ROM (AP) – Italian archaeologists have discovered the fossilized remains of nine Neanderthals in a cave near Rome, shedding new light on how the Italian peninsula was populated and under what environmental conditions.
The Italian Ministry of Culture announced the discovery on Saturday and confirmed that the Guattari Cave in San Felice Circeo is “one of the most important places in the world for the history of the Neanderthals”. A Neanderthal skull was discovered in the cave in 1939.
The fossilized bones include skulls, skull fragments, two teeth, and other bone fragments. The oldest remains date from 100,000 to 90,000 years ago, while the other eight Neanderthals are believed to date from 50,000 to 68,000 years ago, the Ministry of Culture said in a statement.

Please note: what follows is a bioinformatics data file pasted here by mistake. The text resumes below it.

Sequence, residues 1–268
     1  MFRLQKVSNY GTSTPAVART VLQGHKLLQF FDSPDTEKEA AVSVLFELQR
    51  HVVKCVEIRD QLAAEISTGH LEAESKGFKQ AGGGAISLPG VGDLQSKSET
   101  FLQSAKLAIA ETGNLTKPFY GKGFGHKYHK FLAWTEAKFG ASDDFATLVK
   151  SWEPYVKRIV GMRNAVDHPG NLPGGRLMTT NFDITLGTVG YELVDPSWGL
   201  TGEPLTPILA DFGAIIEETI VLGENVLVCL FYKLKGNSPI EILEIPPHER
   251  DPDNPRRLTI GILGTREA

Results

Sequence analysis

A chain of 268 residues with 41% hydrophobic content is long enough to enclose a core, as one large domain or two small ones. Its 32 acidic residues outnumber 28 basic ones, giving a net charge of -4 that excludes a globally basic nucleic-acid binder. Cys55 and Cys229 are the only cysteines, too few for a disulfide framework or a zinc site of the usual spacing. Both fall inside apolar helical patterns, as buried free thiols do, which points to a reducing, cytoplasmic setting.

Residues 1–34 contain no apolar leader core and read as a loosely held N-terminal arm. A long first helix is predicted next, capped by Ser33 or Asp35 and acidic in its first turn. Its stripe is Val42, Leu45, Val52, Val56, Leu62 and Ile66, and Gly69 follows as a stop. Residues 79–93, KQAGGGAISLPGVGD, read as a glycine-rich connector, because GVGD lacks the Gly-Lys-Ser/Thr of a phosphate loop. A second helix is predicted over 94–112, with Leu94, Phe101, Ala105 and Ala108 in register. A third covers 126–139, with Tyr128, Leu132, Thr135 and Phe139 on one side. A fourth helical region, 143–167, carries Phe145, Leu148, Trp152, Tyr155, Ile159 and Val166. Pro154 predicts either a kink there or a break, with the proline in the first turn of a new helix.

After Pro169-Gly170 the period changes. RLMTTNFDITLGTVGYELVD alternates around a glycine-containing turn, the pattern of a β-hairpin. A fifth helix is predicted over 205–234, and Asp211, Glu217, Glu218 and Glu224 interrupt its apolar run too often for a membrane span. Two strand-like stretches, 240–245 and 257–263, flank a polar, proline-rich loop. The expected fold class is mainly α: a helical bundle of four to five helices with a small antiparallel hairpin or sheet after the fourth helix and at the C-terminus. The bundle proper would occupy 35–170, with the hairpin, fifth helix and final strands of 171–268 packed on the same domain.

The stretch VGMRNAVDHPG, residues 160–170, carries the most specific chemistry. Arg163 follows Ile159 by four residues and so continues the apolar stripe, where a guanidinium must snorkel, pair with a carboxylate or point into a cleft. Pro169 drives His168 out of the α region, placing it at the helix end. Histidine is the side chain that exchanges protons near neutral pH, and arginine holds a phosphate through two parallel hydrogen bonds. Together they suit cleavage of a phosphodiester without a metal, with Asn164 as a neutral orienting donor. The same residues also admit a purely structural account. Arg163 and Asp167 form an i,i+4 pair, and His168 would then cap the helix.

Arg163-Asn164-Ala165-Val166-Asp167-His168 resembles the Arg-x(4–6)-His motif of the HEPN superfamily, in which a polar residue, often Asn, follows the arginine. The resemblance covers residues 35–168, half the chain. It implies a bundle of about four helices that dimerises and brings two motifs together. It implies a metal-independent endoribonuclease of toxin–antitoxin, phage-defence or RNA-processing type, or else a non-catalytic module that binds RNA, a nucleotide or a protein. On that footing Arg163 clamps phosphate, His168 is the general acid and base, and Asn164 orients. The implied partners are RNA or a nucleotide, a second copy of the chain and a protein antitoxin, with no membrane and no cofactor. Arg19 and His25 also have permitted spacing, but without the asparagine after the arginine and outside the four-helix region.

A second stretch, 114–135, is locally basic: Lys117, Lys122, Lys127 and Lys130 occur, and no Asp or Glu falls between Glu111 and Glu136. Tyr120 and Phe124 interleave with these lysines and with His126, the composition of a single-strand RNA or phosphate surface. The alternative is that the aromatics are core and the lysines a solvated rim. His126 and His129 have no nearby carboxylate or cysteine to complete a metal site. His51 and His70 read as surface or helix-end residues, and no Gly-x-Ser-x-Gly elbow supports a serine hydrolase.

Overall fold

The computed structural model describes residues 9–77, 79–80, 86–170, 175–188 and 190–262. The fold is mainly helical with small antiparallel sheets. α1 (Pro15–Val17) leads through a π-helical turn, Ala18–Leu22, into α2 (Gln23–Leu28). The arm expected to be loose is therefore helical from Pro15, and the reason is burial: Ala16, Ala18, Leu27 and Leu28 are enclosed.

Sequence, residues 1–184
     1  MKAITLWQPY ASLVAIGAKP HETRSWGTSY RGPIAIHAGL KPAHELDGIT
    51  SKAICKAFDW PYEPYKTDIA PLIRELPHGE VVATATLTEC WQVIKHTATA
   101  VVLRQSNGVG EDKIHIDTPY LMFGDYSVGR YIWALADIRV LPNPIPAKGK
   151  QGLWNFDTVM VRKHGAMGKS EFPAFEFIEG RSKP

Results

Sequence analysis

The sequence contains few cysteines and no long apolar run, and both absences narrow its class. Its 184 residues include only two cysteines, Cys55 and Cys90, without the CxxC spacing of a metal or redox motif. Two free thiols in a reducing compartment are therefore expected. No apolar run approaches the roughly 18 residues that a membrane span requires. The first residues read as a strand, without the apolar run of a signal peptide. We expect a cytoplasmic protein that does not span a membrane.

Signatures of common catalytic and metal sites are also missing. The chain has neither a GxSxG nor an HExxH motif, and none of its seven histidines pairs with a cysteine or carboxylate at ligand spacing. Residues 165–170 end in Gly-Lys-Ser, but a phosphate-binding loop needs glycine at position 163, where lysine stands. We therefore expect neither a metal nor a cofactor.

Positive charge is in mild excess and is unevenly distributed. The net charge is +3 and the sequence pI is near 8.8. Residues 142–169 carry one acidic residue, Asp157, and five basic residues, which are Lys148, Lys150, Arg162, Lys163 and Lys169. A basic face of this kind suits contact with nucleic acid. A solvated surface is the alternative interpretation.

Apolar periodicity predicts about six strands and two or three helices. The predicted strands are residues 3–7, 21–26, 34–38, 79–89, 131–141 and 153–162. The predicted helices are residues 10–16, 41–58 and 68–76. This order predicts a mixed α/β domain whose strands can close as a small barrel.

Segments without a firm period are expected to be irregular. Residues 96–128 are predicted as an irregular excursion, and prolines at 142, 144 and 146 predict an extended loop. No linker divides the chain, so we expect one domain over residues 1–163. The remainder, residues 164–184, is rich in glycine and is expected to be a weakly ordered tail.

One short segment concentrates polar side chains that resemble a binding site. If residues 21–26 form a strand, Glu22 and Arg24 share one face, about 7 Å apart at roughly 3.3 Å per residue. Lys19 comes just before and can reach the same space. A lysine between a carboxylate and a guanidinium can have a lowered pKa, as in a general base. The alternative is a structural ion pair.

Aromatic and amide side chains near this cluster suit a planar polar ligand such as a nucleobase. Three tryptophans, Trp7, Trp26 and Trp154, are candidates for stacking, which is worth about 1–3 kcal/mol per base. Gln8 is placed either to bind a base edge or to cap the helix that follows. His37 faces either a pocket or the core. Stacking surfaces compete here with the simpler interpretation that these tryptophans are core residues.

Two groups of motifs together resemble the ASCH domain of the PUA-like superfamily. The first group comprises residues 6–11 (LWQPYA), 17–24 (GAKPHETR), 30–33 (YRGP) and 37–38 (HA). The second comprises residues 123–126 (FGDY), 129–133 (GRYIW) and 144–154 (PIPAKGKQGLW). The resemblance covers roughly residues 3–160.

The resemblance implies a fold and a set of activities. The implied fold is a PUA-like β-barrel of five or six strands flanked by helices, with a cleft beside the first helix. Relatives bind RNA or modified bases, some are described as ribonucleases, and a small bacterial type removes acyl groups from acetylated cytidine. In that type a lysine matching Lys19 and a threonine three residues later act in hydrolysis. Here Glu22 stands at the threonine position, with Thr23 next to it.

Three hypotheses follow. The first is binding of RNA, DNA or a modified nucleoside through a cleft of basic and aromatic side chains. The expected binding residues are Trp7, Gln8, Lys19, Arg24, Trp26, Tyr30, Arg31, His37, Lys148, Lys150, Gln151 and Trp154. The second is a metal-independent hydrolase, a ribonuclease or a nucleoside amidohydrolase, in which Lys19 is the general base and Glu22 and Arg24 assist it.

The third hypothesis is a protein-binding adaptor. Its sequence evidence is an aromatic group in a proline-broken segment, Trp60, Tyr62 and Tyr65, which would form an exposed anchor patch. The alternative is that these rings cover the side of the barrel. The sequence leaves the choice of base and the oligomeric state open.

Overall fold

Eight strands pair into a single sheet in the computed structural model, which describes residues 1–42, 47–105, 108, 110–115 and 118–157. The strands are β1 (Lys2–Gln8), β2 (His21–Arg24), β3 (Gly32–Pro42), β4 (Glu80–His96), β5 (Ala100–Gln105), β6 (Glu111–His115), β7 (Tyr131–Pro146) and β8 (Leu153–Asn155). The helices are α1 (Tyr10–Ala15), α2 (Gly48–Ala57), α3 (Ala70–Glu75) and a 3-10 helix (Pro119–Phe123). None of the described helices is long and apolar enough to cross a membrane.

Excavations, which began in 2019, affected a portion of the cave that had not yet been explored, including a lake first discovered by anthropologist Alberto Carlo Blanc, who is credited with discovering the 1939 Neanderthal skull.
Culture Minister Dario Franceschini called the result “an extraordinary discovery that will be the talk of the world”.
Anthropologist Mauro Rubini said the large number of remains suggests a significant population of Neanderthals, “the first human society we can speak of”.
Archaeologists said the cave perfectly preserved the environment 50,000 years ago. They found that fossilized animal remains in the cave – including elephants, rhinos and giant deer – shed light on the area’s flora and fauna and its climatic history.